While this policy is not meant to be punitive in nature, if a student is subject to this mandatory leave they will not have the right to reject the decision. Instead, the student in question would have to appeal the decision to implement this policy with the University Tribunal’s Discipline Appeals Board. 

However, many steps would have to be taken to reach the decision to invoke the Mandatory Leave of Absence Policy. This process would start with the student’s dean, who would request that the policy be invoked based on the student’s behaviour and concern for their well-being. From there, the student’s “case” would go to the Vice-Provost’s office, in which the student’s case manager and support team would make a decision with the Office of the Vice-Provost. At this point, a medical professional may be contacted, but this is not a requirement of the policy. 

However, after a decision has been reached regarding a leave of absence, there is little in the way of guidelines for a student’s return.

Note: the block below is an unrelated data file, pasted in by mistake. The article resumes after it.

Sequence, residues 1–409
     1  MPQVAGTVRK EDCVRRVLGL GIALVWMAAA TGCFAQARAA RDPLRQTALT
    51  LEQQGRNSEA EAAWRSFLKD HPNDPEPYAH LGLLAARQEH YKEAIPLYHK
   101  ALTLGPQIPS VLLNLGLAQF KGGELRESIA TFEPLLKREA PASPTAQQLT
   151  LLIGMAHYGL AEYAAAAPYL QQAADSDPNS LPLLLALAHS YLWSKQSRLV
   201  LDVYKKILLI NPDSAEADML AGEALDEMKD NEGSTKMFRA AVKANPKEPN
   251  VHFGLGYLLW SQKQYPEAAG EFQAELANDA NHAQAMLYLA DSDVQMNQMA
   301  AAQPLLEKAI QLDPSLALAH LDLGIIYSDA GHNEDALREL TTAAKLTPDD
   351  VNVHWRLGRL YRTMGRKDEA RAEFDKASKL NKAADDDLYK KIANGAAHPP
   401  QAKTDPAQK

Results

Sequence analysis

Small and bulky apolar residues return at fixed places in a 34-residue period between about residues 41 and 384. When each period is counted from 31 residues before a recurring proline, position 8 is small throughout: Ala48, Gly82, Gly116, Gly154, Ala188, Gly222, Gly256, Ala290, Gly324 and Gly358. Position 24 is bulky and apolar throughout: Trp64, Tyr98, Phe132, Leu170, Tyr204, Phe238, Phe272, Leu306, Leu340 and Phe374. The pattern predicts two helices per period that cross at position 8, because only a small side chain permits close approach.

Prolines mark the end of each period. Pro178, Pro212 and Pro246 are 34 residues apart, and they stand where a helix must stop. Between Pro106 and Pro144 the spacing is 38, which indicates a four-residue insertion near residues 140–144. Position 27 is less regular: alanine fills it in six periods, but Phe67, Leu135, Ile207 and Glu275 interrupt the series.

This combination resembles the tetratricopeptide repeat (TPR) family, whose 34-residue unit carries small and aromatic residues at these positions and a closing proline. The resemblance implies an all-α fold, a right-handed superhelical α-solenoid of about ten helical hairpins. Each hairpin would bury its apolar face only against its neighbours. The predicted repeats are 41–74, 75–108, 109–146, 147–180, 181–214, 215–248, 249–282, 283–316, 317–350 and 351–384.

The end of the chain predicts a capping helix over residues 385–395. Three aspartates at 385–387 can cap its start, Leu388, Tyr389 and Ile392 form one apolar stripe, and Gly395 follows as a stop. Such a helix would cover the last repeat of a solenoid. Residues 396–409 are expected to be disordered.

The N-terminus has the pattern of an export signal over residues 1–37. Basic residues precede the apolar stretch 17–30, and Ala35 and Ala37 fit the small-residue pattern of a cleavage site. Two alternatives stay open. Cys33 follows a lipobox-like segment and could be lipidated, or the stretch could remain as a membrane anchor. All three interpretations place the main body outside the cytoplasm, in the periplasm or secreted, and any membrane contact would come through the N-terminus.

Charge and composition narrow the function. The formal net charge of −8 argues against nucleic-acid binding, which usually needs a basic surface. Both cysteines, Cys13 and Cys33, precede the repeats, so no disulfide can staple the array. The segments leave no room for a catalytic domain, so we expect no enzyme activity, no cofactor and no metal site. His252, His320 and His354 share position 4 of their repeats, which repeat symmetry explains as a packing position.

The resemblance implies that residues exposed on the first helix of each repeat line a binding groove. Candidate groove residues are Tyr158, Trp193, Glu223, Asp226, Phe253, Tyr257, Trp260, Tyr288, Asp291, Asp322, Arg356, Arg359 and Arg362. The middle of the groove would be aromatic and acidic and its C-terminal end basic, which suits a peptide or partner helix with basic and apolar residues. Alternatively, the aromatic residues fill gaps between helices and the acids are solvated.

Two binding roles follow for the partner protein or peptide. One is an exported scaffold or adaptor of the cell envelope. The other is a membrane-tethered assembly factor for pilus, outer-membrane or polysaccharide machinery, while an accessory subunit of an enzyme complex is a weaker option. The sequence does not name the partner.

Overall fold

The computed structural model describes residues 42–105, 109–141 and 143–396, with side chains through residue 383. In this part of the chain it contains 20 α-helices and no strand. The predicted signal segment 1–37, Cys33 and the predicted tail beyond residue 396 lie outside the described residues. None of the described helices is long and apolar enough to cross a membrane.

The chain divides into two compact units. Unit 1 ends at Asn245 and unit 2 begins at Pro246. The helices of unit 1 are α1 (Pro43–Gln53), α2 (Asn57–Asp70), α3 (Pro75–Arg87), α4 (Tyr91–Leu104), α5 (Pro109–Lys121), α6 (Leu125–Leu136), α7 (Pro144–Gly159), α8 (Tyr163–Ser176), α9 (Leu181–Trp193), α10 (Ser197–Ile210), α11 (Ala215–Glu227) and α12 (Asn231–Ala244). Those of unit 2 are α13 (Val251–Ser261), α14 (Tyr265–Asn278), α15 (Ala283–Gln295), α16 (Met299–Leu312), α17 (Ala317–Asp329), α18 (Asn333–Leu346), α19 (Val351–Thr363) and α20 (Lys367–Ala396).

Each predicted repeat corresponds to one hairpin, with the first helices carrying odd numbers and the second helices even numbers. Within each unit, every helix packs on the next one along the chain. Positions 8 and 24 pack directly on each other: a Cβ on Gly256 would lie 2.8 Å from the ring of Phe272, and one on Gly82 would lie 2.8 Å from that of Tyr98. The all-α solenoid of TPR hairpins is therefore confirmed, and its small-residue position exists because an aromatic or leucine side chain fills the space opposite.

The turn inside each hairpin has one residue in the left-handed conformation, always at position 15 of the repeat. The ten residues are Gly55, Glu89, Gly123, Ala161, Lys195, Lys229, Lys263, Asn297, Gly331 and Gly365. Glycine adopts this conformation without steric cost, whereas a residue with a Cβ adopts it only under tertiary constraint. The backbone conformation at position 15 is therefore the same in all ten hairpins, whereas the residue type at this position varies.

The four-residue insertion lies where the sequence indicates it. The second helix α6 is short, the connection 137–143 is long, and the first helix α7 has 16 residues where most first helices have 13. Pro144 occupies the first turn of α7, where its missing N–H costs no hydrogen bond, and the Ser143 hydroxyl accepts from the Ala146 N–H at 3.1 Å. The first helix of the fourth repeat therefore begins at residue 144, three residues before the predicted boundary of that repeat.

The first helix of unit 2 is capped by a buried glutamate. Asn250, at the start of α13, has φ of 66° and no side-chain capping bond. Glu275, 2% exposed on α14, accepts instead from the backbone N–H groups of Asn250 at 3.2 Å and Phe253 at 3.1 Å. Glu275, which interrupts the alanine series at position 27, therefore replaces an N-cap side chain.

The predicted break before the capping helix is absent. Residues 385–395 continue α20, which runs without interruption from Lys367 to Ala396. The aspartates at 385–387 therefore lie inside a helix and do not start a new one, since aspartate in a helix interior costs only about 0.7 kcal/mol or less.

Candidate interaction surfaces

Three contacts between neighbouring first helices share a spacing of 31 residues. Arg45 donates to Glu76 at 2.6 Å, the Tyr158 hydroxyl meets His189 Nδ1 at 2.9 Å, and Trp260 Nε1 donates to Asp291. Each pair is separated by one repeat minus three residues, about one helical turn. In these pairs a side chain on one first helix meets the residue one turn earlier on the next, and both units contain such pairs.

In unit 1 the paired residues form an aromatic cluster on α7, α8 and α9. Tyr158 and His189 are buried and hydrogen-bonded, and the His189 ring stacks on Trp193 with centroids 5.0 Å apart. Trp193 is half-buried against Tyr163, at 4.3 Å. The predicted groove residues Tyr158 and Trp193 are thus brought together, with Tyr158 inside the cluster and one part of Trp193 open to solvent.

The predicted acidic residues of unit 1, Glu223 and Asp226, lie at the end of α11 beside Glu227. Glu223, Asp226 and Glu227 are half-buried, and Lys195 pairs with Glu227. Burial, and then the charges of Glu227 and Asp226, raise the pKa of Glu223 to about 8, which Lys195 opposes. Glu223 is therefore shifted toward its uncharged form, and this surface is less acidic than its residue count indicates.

“Each student would have a return-to-studies plan stating the expectations that would need to be in place to return to their program,” Welsh said. “Usually this would involve providing documentation from a health-care professional demonstrating they are well and able to engage in the essential academic activities of their particular program.” 


Student Backlash

Student backlash is a major factor affecting voting on the Mandatory Leave of Absence Policy. This caused the policy to be pulled from voting during the fall 2017 voting period and again during the winter 2018 period. Even though these were massive victories for the student body, Welsh does not seem to want to scrap the policy entirely. This attitude toward the policy has sparked students to voice their opinions on not only the policy itself but the University of Toronto’s Accessibility Services as a whole.